If you're fortunate enough to catch sight of one of these beauties in the next few weeks before they head on, by all means whip out your cell phone camera and capture the moment - from a distance.
Curley focus of complaints for alleged profane outbursts
Most of the Monmouth County Board of Chosen Freeholders voted Friday to pass a resolution that describes in unsparing and explicit detail the alleged inappropriate conduct of another board member, John Curley, who has been accused of sexual harassment.
The board voted by a margin of 4 to 0 to censure Curley, who did not attend the meeting, a board spokeswoman said by email.
Curley, who has served on the board since 2011, has been accused of a laundry list of questionable conduct as spelled out in Friday's resolution, including referring to an elected official as "a fat motherf***er" during a media interview, sexually charged comments he made about women during a phone conversation, the use of gay epithets including "queer," and then lying about at least some of the conduct to investigators.
The resolution comes after the outspoken Curley, who has won praise from Democrats for his willingness to criticize his fellow Republicans, filed a lawsuit claiming that he has become a "target" and the victim of false claims.
Friday's resolution censuring Curley also mentions the lawsuit but in dismissive terms, noting that Curley claims civil rights violations in the harassment investigation of him "despite having been represented by legal counsel throughout the investigation process."
The investigation into Curley was launched in June 2017, when he allegedly made an inappropriate remark at a parade.
The report describing Curley's alleged harassing behavior was sent to freeholders on Nov. 26. Two days later, a special meeting was set to be held to vote on a resolution to censor Curley and to reinforce the county's policy on "prohibiting workplace discrimination and harassment."
Curley, who was barred from entering county buildings in Freehold, sought a temporary restraining order to block the meeting from happening. The meeting was canceled but was rescheduled for Friday after court records show Curley withdrew his motion for temporary restraints.
The resolution Friday also notes Curley's attempt to quash the censure vote through the restraining order.
Visit the home of maybe the state's best cheesecake in our latest N.J.'s best bakery showdown trip report.
The bar scene in Asbury Park was filled with residents dressed as Santa and other Christmas characters on Saturday, December 9 for the annual SantaCon. Watch video
Saturday may have marked the first significant snowfall of the season in New Jersey, but it didn't deter the 500 or so bar goers from making a trip to SantaCon in Asbury Park.
For Christine Graves and her sisters, Lisa and Allison, who made their costumes, it made their day even better.
"This is our third time coming out here. We looked on Pinterest because we knew we had to have a special costume," Christine Graves said. "I've never seen it so packed. I hope it keeps growing every year."
Residents from Asbury Park and surrounding areas swarmed bars along Cookman Avenue.
"We love going to things like this during the season. It really gets you in the Christmas mood," said Nicole DeGeorge, 29, of Ocean Township.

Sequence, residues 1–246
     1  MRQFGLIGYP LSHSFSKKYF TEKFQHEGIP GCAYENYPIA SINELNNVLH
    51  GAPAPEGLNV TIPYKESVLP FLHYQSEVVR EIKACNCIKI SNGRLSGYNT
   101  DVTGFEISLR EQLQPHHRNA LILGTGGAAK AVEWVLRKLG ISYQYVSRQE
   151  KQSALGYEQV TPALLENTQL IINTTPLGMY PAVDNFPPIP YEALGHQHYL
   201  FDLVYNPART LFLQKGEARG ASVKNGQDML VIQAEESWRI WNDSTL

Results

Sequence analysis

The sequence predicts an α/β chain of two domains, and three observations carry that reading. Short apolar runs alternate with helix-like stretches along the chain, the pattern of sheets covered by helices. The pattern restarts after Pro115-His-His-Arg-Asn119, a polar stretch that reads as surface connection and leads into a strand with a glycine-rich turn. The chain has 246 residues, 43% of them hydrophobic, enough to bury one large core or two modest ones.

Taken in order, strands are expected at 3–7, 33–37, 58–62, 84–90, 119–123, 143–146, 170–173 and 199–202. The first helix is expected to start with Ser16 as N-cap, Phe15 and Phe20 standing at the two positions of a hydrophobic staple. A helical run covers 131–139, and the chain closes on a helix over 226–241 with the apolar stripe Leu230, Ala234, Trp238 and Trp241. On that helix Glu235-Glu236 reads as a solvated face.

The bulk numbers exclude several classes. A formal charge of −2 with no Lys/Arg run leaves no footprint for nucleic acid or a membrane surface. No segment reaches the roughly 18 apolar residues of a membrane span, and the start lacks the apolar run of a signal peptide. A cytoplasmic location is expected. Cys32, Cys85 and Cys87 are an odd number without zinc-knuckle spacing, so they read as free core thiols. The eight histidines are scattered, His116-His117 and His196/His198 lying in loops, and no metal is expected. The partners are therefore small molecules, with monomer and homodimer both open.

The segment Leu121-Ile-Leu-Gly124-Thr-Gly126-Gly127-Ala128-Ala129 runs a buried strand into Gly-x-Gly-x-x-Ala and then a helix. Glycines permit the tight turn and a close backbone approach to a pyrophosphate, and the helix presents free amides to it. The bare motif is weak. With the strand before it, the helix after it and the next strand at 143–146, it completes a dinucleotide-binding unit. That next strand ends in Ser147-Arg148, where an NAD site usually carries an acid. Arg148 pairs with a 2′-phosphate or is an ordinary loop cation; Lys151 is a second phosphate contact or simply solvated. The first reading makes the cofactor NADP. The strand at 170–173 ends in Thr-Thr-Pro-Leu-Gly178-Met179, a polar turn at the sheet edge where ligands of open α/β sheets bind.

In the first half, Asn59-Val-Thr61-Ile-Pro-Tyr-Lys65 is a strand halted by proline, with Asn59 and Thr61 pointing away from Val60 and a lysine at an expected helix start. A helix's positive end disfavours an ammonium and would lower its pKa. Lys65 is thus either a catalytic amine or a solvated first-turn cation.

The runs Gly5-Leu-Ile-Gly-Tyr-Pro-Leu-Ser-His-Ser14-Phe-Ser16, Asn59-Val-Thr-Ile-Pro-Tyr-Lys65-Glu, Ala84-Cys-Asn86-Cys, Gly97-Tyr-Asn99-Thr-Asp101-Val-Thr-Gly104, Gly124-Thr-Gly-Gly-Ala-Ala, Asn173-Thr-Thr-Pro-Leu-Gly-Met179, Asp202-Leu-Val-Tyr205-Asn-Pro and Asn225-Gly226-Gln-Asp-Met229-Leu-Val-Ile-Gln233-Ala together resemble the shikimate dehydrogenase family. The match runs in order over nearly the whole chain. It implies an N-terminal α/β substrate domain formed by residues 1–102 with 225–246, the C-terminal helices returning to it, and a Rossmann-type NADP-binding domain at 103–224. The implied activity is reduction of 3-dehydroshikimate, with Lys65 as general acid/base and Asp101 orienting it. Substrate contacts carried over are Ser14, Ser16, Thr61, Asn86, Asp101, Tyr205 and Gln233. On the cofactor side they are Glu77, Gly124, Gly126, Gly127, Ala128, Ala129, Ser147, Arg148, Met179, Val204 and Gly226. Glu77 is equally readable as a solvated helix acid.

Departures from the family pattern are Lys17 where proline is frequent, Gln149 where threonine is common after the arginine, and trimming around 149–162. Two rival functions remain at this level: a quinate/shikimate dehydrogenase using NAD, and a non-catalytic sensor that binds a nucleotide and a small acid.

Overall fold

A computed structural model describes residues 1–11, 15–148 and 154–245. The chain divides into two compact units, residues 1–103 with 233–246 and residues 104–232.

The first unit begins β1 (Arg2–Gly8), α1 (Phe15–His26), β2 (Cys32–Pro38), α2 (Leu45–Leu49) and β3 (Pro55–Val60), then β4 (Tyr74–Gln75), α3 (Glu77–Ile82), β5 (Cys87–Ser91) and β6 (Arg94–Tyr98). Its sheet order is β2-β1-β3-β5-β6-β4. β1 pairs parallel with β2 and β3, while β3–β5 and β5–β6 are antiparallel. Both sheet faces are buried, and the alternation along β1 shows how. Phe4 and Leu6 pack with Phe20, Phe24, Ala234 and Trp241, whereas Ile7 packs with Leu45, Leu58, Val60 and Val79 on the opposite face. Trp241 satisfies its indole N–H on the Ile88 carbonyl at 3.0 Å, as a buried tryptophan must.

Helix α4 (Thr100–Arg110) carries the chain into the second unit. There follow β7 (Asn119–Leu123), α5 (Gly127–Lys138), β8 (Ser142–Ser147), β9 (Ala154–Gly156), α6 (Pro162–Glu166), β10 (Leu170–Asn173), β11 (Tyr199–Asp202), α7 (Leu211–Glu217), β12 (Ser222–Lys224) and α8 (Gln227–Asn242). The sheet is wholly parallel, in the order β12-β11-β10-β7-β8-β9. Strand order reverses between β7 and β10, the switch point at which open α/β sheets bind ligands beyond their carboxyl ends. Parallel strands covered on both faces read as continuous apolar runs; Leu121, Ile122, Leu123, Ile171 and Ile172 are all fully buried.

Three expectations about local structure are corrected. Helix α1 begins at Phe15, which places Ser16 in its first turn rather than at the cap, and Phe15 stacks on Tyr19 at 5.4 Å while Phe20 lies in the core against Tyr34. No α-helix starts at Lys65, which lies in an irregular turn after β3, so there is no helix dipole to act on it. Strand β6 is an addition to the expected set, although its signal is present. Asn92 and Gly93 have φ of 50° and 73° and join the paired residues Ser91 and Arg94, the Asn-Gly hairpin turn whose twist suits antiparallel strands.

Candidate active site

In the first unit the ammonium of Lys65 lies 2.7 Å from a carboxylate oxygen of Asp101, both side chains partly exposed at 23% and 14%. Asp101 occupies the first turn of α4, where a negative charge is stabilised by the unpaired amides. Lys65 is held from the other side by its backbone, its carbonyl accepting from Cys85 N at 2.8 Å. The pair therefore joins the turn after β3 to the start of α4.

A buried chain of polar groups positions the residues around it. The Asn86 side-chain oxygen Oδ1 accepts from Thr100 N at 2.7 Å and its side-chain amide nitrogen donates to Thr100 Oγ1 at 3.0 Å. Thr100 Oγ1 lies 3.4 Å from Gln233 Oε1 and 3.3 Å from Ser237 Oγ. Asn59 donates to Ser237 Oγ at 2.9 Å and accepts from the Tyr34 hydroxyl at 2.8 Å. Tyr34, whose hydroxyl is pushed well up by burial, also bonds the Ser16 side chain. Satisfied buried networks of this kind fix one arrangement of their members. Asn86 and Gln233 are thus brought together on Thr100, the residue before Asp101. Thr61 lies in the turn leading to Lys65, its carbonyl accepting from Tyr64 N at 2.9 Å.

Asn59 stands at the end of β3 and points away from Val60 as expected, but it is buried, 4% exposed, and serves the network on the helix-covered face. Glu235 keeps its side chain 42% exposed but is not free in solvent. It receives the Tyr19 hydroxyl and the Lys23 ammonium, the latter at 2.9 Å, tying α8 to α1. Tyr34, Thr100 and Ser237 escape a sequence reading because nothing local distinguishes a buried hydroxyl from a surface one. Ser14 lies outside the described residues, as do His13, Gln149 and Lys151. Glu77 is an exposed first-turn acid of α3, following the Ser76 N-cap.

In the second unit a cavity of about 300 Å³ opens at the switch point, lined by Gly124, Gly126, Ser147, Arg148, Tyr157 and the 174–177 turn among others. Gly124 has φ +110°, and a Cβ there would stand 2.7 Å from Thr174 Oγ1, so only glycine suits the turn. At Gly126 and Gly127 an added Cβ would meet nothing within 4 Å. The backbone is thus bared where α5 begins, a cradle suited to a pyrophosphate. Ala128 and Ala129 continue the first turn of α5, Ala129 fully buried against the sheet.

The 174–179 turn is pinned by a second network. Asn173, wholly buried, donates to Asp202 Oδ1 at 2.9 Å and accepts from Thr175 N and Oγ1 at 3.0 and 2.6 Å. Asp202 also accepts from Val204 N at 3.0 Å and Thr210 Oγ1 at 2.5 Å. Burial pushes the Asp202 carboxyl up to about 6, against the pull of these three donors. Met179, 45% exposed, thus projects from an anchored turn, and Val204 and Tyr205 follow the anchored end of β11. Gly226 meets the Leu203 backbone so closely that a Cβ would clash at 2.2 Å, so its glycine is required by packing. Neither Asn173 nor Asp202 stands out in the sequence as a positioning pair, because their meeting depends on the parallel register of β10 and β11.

Dressed in Santa costumes along with reindeer and other Christmas characters, party goers enjoyed drink specials at the event. Along with the bar fun and arcade games, people were also able to donate to the Jersey Shore Rescue, which helps those in need of food shelter and other services in the area.
In addition to Asbury Park, SantaCon was also enjoyed in Hoboken and New York City. According to the group's website, SantaCon social events occur in over 395 cities in 52 countries across the world.
Though SantaCon is centered around the bar scene, drinking was not allowed on NJ Transit.
Asbury Park's event was free, but drink specials required a $12 ticket.
"I just moved here not too long ago, so it's just great to meet people and to enjoy the season," said Chad Hancock, 28, of Ocean Township who moved to the area recently from Utah.
Hancock decorated his beard with lights. The decorations did not heat his beard, Hancock said, but made it itchy.
That type of creativity and fun is exactly what site manager Damon Trifeletti wanted for those who came out to the event.
"As long as people have smiles on there faces I'm happy. That's my job," Trifeletti said at the event.
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The state's first substantial snowstorm of the season is in the books. Most parts of New Jersey got anywhere from 2 to 6 inches of snow. See how much fell in your area.
The state's first substantial snowstorm of the season is in the books. Most parts of New Jersey got anywhere from 2 to 6 inches of snow.
How much fell in your region? These are the unofficial final snowfall totals reported by the National Weather Service. They are collected from highway departments, observers, Skywarn spotters and social media.
The most snowfall was measured in Branchburg and Woodbridge, with 6.5 inches in each location.
"What was really the most noteworthy aspect of the storm, was the snow set up in several localized bands. There were some spots that saw very little and some that ended up under the heavier snow bands. That's why the totals were able to get up to the 5 and 6 range in certain areas," said Mitchell Gaines, a meteorologist with the National Weather Service in Mount Holly.
Mays Landing: 4.0
Estell Manor: 3.8
Atlantic City: 3.0